Daily Expedition Reports

Daily reports from our days in the field

  • Spert Island & Charlotte Bay

    Early in the morning National Geographic Orion slowly approached Spert Island from the north. This is a beautiful and rugged island that is adjacent to the much larger Trinity Island situated on the north end of the Gerlache Strait. Under almost perfect conditions, we were able to do Zodiac cruises through the small channels and islets on the west side of this scenic island. Later, steaming south for about four hours, the ship entered Charlotte Bay, on the Antarctic Peninsula, where we encountered beautiful icebergs, and several feeding humpback whales. Dropping our Zodiacs again, we were able to watch these magnificent cetaceans from water level, as they deployed rings of bubbles, and engulfed their favorite food: krill! Another amazing day exploring this incredible wilderness!

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  • Portal Point & Brabant Island

    It was our final day on the Antarctic Peninsula, and we had a whole range of activities planned. We awoke to calm seas and a spectacular ice pack in Charlotte Bay. It wasn’t long before we witnessed one of nature’s most wonderful sights—dozens of humpback whales bubble-net feeding. It doesn’t get much better than that!

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  • Brown Bluff

    Waking well before breakfast to peer through fog, we started this third day of Antarctic exploration observing an immature emperor penguin quietly occupying an expanse of sea ice. It gave us a few over-the-shoulder looks before tobogganing in the opposite direction; our chilly photographers went for another cup of coffee. All morning, National Geographic Orion worked her way northeast through lines of sea ice and bergs in Erebus and Terror Gulf, part of the Weddell Sea.

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  • Trinity Island

    Today, National Geographic Explorer explored the northern coast of the Antarctic Peninsula. We stopped to get a look at the magnificent Astrolabe Island, where steep black rocks jutted out of the ocean in the fog. Throughout the morning, we continued to cruise through icebergs of every size and shape. We visited Lindblad Cove, where we saw amazing blue icebergs. At one point, several guests looked over the bow to watch the icebergs go by the ship.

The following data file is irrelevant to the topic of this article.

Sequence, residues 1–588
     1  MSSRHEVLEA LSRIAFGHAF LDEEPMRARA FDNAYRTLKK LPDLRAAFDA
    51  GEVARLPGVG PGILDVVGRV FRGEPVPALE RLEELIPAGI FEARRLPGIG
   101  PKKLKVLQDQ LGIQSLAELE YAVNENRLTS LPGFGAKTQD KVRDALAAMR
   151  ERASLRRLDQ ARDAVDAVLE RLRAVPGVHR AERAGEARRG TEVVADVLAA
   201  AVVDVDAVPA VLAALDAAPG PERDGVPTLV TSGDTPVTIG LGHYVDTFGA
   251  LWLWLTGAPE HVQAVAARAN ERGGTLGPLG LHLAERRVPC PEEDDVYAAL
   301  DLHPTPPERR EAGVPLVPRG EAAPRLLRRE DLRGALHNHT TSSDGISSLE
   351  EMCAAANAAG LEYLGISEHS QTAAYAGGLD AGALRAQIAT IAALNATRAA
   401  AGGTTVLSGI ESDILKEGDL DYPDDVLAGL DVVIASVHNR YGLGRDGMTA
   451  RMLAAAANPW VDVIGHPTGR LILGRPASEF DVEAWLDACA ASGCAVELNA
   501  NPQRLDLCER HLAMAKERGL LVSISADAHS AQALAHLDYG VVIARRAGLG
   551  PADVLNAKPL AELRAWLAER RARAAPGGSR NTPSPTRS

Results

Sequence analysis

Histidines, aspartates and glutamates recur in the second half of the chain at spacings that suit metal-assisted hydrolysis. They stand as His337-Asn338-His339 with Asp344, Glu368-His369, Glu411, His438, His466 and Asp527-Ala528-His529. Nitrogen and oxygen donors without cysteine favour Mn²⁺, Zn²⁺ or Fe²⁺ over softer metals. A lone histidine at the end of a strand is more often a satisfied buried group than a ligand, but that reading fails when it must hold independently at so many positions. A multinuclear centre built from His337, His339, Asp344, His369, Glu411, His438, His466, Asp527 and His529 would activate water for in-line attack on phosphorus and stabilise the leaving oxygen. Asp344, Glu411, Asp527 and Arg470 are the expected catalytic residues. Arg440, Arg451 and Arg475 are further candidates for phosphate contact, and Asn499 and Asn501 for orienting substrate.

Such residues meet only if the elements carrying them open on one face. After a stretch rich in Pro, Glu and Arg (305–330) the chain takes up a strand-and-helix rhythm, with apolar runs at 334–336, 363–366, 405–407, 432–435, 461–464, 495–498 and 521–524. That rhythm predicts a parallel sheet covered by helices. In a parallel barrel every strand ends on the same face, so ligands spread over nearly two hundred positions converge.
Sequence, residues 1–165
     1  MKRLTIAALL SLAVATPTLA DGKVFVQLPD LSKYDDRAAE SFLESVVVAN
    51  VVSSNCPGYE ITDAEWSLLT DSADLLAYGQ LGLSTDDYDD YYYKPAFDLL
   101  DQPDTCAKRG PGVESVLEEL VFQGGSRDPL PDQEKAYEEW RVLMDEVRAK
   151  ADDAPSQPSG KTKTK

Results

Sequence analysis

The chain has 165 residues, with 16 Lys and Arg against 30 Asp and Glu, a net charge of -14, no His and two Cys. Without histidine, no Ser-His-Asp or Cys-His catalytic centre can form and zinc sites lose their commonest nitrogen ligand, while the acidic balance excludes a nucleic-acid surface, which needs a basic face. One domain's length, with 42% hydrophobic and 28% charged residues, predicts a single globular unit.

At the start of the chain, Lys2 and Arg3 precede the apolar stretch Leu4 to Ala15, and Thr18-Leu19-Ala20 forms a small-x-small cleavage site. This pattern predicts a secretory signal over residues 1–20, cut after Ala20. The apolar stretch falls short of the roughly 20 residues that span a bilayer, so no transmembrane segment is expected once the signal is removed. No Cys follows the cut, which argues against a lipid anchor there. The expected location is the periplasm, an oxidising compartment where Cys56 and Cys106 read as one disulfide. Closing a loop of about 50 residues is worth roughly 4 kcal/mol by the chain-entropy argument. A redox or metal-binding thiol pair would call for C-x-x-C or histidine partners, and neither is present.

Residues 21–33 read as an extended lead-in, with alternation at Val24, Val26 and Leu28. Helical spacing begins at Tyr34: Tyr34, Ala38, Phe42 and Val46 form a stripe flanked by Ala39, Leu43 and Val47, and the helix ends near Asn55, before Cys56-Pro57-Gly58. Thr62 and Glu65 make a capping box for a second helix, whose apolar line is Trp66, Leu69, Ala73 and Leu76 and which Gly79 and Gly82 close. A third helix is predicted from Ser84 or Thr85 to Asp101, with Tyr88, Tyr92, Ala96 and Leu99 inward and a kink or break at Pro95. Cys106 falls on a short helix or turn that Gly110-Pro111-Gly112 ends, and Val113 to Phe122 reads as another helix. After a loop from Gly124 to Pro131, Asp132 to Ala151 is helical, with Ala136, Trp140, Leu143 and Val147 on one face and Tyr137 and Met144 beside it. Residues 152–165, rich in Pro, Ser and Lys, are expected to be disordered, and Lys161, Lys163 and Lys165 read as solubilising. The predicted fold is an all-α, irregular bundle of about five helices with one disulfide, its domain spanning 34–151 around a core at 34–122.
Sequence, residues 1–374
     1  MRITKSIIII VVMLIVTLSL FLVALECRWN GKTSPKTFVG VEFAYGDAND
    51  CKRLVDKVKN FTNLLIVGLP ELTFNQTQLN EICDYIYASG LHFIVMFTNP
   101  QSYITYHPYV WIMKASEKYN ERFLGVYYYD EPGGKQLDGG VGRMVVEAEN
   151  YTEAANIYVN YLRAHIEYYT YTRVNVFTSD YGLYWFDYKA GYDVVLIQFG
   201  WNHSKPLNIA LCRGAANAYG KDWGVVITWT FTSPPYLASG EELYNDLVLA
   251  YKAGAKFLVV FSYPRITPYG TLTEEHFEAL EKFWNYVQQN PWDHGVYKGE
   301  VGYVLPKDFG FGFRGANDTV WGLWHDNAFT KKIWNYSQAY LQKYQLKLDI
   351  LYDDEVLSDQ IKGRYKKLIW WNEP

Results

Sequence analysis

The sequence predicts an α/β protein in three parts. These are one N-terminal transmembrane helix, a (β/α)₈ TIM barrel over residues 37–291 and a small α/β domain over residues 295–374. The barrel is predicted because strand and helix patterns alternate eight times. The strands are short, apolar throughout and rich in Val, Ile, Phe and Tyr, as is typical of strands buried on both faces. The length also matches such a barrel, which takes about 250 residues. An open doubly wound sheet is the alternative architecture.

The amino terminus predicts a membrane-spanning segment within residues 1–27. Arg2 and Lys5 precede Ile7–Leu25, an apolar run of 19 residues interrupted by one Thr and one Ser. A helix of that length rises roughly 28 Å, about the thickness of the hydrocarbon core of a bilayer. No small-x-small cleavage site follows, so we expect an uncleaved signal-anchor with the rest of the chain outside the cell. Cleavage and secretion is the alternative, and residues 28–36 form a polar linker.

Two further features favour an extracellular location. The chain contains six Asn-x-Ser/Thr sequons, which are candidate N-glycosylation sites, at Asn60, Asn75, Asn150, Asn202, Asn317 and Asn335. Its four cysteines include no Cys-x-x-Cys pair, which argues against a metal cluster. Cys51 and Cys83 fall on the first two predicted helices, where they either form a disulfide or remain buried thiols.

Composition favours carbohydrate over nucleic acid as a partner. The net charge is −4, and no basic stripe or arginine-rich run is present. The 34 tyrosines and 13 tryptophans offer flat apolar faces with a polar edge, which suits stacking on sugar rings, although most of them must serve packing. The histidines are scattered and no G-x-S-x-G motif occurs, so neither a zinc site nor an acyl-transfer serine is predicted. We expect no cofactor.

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  • Vega Island and Devil Island

    Today was a windless day in the Weddell Sea. It was incredible. We traveled south along Vega Island and launched Zodiacs in the ice. We were immediately greeted by two very curious humpbacks. We sat rafted together against the brash ice with our engines off, just listening and watching. Eventually, after their curiosity had been satiated, they moved on. We continued to push through the ice and eventually found more humpbacks and then, an emperor penguin! It was a chick from this year that still had remnants of downy feathers.

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  • Paulet Island & Exploring the Weddell

    What a spectacular day in the Weddell Sea. Guests awoke as the ship navigated through the ice flows of Antarctic Sound into the Weddell Sea. There were few icebergs not covered by Adelie Penguins and everyone was keen to get off the ship and see more of this charismatic species. Ashore guests were able to observe the huge colony of 100,000 pairs whilst others Zodiac cruised the ice flows in search of penguins and seals. The afternoon was just as packed with Zodiac cruising alongside tens of humpbacks among tabulars making the perfect appetizer for an emperor penguin and the polar plunge.

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  • Half Moon Island

    Today we finished crossing the Drake Passage and arrived in the South Shetland Islands! We made our first landfall on Half Moon Island. While all of the guests and most of the staff were ashore viewing chinstrap penguins, our two divers took to the water to document the underwater life found there. They encountered numerous invertebrates, swimming penguins, and a water temperature just above freezing. Undersea specialist Peter Webster filmed it all, in order to share with guests during a future recap of the day.

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  • Danger Islands, Iceberg Alley, Paulette Island

    Waking up to fog is always concerning on an expedition—you depend on clear skies not only to see what you hope to see, but to search for what you hope to see. But this is an expedition, and patience and perseverance are often rewarded. Today was no exception to this positive outlook.

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  • Antarctic Sound

    Nothing about Antarctica is predictable or “normal.” Our first landing yesterday was flat and calm, with only a light overcast. This morning was an example of how weather can change rapidly. The morning was all but calm as winds blew across Bransfield Strait. Clouds rolled across the high mountain peaks of the Trinity Peninsula, which marks the end of the mainland Antarctic Peninsula. To the north of Trinity Peninsula were a few large islands that created a wide channel leading to the western side of the Weddell Sea.

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  • At Sea in the Drake Passage

    Departing Ushuaia and South America, National Geographic Orion sailed south-southeast en route to our first landing: extraordinary numbers of charismatic wildlife, breathtaking scenery of incomprehensible scale. Before arriving at the Antarctic Peninsula, however, we must cross the Drake Passage and officially enter the Southern Ocean.

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